To retain its best people, the service organisation must apprreciate and reward
its employees - Elucidate this statement.

Section C
1. Briefly explain the human resource strategy as applied in the service firms.
2. Explain the support system needed for the effective functioning of the service
employees.
3. How a service organisation must develop its employees to deliver service
quality.

Chapter 10 Physical Evidence


As services are intangibles, customers rely on tangible cues or physical evidences to
evaluate the services before they are availed. with the help of physical evidences,
customers assess their satisfaction with the service during and after consumption.
Physical evidences include all aspects of the organisation's physical facility. The
elements of physical evidence are show in Figure 10.1.

Figure 10.1 Elements of Physical evidence


As the above figure shows, physical evidence is broadly divided into two parts,
namely, (l) Services cape and (2) Other tangibles. The service-scape is further divided
into facility exterior, and facility interior.
1. Physical facility or service-scape : The physical facility or services cape
consists of various elements that affect customers. These include exterior
attributes and interior attributes. Exterior attributes include signage, parking,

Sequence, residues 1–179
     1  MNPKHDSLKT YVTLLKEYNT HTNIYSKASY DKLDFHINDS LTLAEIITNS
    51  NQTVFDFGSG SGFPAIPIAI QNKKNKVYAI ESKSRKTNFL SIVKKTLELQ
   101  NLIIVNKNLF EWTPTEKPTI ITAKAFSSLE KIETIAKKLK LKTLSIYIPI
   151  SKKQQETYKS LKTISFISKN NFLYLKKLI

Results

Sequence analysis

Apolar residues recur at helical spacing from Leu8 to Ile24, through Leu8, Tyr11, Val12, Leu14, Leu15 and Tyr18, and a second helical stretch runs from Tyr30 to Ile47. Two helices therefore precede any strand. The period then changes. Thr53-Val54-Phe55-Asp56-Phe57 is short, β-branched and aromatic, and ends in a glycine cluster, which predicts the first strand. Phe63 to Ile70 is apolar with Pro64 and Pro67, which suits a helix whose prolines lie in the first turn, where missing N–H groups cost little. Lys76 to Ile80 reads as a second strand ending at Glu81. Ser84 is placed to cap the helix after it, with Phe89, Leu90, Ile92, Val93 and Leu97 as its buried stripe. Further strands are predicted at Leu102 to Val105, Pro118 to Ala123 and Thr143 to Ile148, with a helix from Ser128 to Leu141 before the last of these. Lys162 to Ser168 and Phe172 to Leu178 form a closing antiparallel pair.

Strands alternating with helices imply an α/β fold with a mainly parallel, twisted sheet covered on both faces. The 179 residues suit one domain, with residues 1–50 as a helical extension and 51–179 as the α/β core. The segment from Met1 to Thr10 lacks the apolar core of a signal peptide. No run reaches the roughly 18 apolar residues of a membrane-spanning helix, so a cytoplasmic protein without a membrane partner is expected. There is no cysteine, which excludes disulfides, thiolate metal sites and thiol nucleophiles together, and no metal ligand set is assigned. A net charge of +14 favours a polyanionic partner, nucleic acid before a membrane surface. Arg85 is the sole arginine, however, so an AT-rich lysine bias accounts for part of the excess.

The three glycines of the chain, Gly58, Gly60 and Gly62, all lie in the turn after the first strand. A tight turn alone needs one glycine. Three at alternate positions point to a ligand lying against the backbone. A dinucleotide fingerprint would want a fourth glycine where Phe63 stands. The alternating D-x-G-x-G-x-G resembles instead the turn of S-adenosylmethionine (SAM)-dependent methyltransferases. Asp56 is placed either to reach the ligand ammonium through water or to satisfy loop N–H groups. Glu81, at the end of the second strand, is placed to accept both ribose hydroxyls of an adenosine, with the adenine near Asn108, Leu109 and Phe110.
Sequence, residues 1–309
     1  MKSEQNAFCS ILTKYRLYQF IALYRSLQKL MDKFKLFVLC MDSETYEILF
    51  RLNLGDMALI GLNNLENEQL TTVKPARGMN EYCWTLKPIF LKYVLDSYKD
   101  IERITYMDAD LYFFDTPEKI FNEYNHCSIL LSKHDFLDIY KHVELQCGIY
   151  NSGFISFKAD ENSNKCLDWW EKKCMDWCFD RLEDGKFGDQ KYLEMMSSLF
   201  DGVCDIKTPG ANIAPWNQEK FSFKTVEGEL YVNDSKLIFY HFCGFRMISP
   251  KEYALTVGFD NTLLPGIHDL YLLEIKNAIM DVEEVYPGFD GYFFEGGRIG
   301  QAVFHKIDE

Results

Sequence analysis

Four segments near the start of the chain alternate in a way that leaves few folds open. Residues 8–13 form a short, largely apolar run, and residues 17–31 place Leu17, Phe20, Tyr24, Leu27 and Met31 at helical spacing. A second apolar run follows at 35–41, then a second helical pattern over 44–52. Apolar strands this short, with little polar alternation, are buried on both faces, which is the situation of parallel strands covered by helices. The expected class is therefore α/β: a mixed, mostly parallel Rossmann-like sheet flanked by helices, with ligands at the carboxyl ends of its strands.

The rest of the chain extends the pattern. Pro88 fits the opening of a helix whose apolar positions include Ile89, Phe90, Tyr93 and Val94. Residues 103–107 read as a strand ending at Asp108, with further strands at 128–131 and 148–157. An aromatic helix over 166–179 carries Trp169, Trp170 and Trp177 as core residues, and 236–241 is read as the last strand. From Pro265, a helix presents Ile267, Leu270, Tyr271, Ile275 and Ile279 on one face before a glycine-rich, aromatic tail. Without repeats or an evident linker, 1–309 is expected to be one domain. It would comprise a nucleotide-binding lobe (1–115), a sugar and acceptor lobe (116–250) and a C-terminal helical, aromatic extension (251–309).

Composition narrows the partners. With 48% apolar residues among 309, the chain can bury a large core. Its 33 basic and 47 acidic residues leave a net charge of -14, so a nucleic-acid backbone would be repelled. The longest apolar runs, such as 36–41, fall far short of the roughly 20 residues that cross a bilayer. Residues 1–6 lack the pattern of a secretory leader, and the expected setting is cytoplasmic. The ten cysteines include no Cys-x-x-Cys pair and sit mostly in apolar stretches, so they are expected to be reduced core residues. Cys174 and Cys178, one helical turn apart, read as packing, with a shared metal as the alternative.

landscape, surrounding environment, etc. Interior attributes include interior
design, equipment, signage, layout, decor, etc.
2. Other tangibles : Apart from services cape, there are some evidences which
communicate about the service. These tangibles make services more tangible
for customers both before and after purchase. These include business cards,
stationary, billing statements, reports, employee dress, uniforms, brochures,
web pages etc. It should be noted that services cape remain fixed in the service
organisation while tangibles are movables communicating about the service
offerings.
Service
Service-Scape
Other tangibles
1. Insurance

Not-applicable

Policy document,
Billing statements.
Periodic updates
Company brochure
Letters/ cards
Website.

2. Hospital

Building exterior,
Parking
Signs
Waiting ares,
Admission office

Uniforms
Reports/Stationary
Billing statements
Website
Patien care room.

Medical equipment